Sounds good. I'm living in Florida to escape the snow. So far it's working. I retired from GM in 2000. Keep pushing for all the working people. In the long run ...

The tiny town that time, and elections, forgot may go out of existence
Thank you for this story. I grew up in Limaville, my parents home is there still...unsellable due to the septic/sewer problem. Sometimes I am sorry I left...wis...

Where Ohio'sJohn Kasich stands in the presidential polls
We are fans of Gov. Kasich since he served in the House of Representatives. It pleases us to finally see him as the potential President of the United States. We...

Cleveland hosts the first national Movement for Black Lives conference
What a wonderful experience this was, So much love and understanding, without all of the other distractions that tend to come with organizing for change, this e...

Air Force unit gets training and Youngstown gets rid of some eyesores
Do they have to totally destroy all the beautiful oak and leaded windows, which I am thinking are probably there? Do they just have to destroy them like that? C...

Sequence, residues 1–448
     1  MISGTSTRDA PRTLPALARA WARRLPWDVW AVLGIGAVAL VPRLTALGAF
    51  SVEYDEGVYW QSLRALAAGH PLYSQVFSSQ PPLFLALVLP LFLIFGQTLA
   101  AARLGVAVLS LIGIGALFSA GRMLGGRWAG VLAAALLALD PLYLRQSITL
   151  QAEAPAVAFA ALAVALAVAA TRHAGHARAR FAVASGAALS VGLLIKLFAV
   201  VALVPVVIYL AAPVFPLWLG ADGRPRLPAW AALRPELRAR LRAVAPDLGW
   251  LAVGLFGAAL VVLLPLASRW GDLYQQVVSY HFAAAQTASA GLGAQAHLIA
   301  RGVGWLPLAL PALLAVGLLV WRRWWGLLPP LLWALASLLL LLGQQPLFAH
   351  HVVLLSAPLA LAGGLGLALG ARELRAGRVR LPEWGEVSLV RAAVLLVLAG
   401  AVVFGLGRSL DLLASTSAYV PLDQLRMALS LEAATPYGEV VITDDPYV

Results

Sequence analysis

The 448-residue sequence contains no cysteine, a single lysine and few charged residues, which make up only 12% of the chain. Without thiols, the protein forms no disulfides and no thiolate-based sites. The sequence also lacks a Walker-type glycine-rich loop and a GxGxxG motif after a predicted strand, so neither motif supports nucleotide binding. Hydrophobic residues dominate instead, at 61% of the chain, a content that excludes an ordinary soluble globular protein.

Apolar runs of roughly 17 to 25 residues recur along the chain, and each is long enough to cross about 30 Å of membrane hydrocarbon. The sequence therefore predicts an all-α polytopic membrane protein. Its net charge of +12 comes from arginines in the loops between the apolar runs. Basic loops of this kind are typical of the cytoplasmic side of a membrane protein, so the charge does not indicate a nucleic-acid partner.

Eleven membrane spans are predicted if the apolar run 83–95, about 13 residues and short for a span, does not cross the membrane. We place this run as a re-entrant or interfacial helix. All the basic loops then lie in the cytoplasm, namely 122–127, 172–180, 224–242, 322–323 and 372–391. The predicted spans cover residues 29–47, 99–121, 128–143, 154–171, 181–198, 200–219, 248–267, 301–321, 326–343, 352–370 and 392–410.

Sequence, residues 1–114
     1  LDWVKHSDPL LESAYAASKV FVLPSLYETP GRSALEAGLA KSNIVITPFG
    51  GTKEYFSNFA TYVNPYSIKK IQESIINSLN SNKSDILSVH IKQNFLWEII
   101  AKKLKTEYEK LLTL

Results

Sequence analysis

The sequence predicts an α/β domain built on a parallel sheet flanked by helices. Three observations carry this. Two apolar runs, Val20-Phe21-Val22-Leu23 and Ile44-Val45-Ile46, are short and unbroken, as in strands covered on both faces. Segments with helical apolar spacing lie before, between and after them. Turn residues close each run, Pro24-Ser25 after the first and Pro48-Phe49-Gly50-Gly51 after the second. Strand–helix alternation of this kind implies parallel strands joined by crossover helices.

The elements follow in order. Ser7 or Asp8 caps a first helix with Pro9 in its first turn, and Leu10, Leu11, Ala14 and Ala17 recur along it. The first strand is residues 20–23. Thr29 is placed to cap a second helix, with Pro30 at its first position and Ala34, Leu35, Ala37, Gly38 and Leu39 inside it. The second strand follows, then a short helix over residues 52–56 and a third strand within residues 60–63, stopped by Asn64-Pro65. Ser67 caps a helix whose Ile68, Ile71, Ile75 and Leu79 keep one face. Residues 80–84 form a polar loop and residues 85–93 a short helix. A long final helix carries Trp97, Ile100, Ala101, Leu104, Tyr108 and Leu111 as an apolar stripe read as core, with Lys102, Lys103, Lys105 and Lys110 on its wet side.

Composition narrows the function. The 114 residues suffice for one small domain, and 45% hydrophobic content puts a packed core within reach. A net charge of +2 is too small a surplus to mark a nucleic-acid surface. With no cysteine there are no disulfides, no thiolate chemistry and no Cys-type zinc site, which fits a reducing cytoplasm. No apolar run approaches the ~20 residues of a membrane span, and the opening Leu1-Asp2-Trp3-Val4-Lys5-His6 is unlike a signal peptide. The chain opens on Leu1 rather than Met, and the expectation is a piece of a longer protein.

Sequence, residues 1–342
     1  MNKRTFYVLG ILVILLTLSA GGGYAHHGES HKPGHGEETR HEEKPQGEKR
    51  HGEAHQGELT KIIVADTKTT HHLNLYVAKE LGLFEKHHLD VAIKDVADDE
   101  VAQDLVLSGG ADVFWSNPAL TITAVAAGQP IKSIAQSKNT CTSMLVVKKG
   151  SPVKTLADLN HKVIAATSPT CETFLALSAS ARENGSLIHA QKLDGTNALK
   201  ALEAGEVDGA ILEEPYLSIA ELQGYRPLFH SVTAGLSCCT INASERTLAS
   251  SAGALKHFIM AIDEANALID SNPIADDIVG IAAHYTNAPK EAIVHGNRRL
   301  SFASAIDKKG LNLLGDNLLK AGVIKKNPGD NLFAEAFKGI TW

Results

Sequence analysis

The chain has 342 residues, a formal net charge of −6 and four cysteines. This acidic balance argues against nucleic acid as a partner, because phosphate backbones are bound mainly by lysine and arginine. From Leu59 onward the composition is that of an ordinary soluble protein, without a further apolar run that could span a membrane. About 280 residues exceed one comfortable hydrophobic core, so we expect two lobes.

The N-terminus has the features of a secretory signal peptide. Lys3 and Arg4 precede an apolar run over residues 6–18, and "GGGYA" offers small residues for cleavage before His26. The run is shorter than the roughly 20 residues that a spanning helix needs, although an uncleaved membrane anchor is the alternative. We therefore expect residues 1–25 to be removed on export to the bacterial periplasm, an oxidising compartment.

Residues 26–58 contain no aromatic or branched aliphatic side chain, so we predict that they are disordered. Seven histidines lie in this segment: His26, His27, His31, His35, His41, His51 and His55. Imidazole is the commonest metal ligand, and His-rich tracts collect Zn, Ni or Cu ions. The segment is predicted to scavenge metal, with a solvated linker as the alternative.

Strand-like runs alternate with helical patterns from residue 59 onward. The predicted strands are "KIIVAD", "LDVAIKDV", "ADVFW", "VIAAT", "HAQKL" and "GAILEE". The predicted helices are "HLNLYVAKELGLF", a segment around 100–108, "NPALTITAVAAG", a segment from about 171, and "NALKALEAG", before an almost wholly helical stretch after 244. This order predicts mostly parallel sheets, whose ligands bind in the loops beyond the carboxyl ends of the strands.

Jewish challah and Native American fry bread at an Akron cultural exchange
Each time I saw the young students relate to each other, I got goose bumps. These young students can and hopefully will teach all of us to live and respect eac...

One of the Cleveland Orchestra's most celebrated musicians bids farewell
I had the honor of studying with Franklin Cohen in the late 80s and early 90s. He is unparalleled both as a clarinetist and as a musician. His deep personal war...

Summa's dress code is not 'etched in stone'
SOME OF THESE POLICIES ARE A COMPLETE JOKE. UNLESS YOU ARE DOING THESE TYPE OF JOBS EVERY DAY, YOU DON'T KNOW WHAT IS COMFORTABLE AND REASONABLE OR NOT. UNLESS ...

Copyright © 2015 WKSU Public Radio, All Rights Reserved.

 
In Partnership With:

NPR PRI Kent State University

listen in windows media format listen in realplayer format Car Talk Hosts: Tom & Ray Magliozzi Fresh Air Host: Terry Gross A Service of Kent State University 89.7 WKSU | NPR.Classical.Other smart stuff. NPR Senior Correspondent: Noah Adams Living on Earth Host: Steve Curwood 89.7 WKSU | NPR.Classical.Other smart stuff. A Service of Kent State University